European Shares Set To Rise On Growth Optimism

European stocks are seen opening higher on Monday amid growth optimism, thanks to progress on a huge U.S. stimulus bill and the accelerating vaccine rollout.

Gold prices rose about 1 percent while the dollar slipped from a one-week high hit in the previous session after the U.S. House of Representatives approved Biden’s $1.9 trillion pandemic relief bill early Saturday.

The stimulus bill, which includes yet another round of one-time payments to most Americans, now moves to Senate floor for debate, where a vote could happen as early as next week.

Meanwhile, the U.S. FDA on Saturday authorized Johnson & Johnson’s single-shot Covid-19 vaccine for emergency use, beginning the rollout of millions of doses of a third effective vaccine that could reach Americans by early next week.

Asian markets rallied as global bonds stabilized after last week’s sharp losses.

Regional economic data proved to be a mixed bag, with China’s manufacturing recovery weakening for a third month in February, while Japan’s factory activity grew at its fastest pace in two years, separate reports showed.

South Korean exports grew for a fourth consecutive month in February, in a sign the economy is picking up momentum. The Indian economy returned to growth in Q3 after two quarters of contraction.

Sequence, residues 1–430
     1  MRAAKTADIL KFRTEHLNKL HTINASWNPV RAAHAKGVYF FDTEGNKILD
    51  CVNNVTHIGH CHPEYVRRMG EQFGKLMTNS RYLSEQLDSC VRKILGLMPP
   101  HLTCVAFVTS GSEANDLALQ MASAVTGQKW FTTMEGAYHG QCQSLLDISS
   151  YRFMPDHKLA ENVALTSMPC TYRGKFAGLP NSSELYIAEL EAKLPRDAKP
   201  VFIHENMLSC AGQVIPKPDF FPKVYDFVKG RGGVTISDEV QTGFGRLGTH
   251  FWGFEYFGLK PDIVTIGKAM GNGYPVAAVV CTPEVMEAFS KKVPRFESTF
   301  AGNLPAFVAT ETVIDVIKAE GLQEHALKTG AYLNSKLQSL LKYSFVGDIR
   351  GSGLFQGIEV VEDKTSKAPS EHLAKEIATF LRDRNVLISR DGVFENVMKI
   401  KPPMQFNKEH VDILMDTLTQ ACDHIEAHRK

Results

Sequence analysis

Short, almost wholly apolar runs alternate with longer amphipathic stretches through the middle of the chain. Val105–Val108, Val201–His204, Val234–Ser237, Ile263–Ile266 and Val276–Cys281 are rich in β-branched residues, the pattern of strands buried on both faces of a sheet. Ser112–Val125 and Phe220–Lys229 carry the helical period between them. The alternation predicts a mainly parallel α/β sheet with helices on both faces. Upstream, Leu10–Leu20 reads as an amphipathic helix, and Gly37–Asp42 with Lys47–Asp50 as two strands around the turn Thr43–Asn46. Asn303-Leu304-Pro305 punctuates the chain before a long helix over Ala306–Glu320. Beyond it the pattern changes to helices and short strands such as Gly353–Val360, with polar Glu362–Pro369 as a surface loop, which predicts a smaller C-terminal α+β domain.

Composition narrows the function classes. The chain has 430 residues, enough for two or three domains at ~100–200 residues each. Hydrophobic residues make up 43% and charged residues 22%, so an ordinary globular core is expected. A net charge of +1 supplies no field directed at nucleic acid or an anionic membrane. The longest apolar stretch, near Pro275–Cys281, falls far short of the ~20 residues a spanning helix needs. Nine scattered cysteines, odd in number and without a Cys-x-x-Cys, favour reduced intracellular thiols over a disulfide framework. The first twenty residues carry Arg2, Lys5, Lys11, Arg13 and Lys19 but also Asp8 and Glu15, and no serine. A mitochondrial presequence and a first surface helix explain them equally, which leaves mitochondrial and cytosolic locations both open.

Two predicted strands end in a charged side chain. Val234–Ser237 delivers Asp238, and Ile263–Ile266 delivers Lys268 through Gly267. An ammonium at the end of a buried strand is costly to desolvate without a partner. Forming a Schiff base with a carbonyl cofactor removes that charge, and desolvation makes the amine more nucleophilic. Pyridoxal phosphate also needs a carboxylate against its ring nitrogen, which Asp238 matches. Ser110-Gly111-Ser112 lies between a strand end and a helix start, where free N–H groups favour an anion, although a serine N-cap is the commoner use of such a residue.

U.S. stocks ended mixed on Friday as yields fluctuated after the release of another batch of largely upbeat U.S. economic data.

The Dow Jones Industrial Average tumbled 1.5 percent and the S&P 500 dropped half a percent, while the tech-heavy Nasdaq Composite rose 0.6 percent after ending Thursday’s session at its lowest closing level in a nearly a month.

European stocks fell sharply on Friday amid lingering concerns over inflation and rising U.S. Treasury yields, with Bank of England Chief Economist Andy Haldane warning that it will be tough to rein in inflation.

The pan European Stoxx 600 shed 1.6 percent. The German DAX fell 0.7 percent, France’s CAC 40 index lost 1.4 percent and the U.K.’s FTSE 100 plunged 2.5 percent.

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